Sunday, 8 November 2009

Chase joins "Hall of Shame" for credit card terms and conditions

I’ve previously recommended the credit card issued by Chase in conjunction with the Amtrak Guest Rewards frequent-rider program as one of the best frequent-traveller credit cards, depending on whether you travel regularly on Amtrak, and if so on which routes. It has high fees for foreign transactions, cash advances, or interest if you don’t pay your bill each month and use it as a credit card rather than a charge card. But for domestic use as a charge card, I’ve found it the best deal available for some years.

Unlike almost all the cards affiliated with airline frequent-flyer programs, the Chase/Amtrak Guest Rewards card has no annual fee. And if you use your points for Amtrak tickets in the Northeast Corridor or the California Corridors, you can get “free” tickets equal in value to about 3% of the amount you charge on the card, which matches or exceeds the best of the cash-rebate cards.

Now, however, I’ve gotten notice of new Chase terms that take effect with my November statement:

COMMUNICATIONS/CHANGE OF INFORMATION. We will send cards, billing statements, and other communications to you at any address shown in your files. If you change your name, address, or any other contact information such as any telephone number or email address, you must notify us immediately in writing at the address shown on your billing statement. Numbers and addresses you provide include those you give us and/or those form whihc you contcat us. We may, at our option, accept mailing address corrections from the United States Postal service and obtain telephone number, mailing address and e-mail address information form third parties.

If more than one person is responsible for this account, we can send billing statements and communications to any of you. Notice to one of you will be considered notice to all of you and all of you will remain obligated on the account. You agree to pay any fee(s) or charge(s) that may you may incur for incoming communications from us, and/or outgoing communications to us, without reimbursement from us.

You authorize us, or anyone acting on out behalf, to call or send a text message to any number you provide or to any number where we reasonably believe we can contact you, including calls to mobile, cellular, or similar devices, and calls using automatic telephone dialing systems and/or prerecorded messages, or to send an email to nay address where we reasonably believe we may contact you. Calls and messages may be made for any lawful purpose, including but not limited to: suspected fraud or identity theft; obtaining information; your account transactions and servicing; collecting on your account; and providing you information about products and services.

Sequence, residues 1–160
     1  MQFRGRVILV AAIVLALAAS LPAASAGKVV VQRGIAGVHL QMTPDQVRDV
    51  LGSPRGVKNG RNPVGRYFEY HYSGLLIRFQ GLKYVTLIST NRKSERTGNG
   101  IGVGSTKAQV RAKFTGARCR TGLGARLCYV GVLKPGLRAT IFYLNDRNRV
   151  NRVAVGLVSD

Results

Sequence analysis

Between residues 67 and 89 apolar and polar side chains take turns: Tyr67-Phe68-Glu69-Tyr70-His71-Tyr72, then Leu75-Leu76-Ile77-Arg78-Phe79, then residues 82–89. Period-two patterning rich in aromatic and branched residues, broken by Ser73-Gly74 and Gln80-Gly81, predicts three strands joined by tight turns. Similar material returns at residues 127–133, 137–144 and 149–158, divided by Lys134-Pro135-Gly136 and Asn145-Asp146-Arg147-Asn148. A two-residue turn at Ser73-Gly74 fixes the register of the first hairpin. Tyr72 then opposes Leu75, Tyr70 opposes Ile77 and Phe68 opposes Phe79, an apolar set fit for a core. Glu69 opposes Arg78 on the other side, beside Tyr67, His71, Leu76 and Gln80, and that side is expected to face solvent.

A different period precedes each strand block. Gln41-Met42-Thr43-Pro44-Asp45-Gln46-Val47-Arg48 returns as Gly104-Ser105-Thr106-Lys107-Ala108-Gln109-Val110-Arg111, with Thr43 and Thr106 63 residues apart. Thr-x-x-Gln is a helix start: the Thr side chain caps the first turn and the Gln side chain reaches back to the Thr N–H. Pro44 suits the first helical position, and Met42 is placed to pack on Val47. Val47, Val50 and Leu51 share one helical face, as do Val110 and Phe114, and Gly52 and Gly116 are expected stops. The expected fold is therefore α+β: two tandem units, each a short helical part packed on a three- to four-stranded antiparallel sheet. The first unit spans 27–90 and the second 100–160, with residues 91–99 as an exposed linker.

I presume that these terms are being applied to all Chase-issued cards, not just those affiliated with the Amtrak Guest Rewards Program. Check the fine-print notices you’ve probably already thrown away, or have Chase send you a complete copy of all the terms and conditions applicable to any of your accounts. (It may take several calls and/or letters to get them to send you more than an interest-rate summary.)

With these new terms, Chase joins American Express, Bank of America, FIA Card Services, Charles Schwab Bank, and Capital One in imposing terms that purport to allow them to:

  1. Broadcast any or all customer information (potentially including, for example, password reset information) by robocall to anyone who answers at any phone number that you have ever used, creating a severe danger of identity theft and other fraud;
  2. Harass you without limit on on your mobile phone/cell phone, at your expense for the air time; and
  3. Spam, SMS / text message, and robocall their cardholders with advertisements, including advertisements on behalf of third parties (note that the reference to “products and services” isn’t limited to Chase products).

All of this seems to be becoming the new norm for credit card terms. Each time I see one of these notices, though, it has something new. Chase’s terms go further than any I’ve seen before in asserting the right to broadcast your account information to any number or address where they think it might reach you, based on third-party information (list brokers, etc.), even if you’ve never used that number or address to contact Chase, and by purporting to require you to pay to receive any message they send you, even if they send you a dunning notice postage due. If a parcel shows up from Nigeria COD, purporting to come from Chase, am I now required to pay for it?

Customers should complain. More importantly, since all major card issuers are imposing these terms, leaving fewer and fewer alternatives for those who don’t want to “consent” to these security and privacy vulnerabilities and liability to harassment, Federal consumer and financial regulators, and if necessary Congress, should take action pronto.

Link | Posted by Edward on Sunday, 8 November 2009, 11:17 (11:17 AM)
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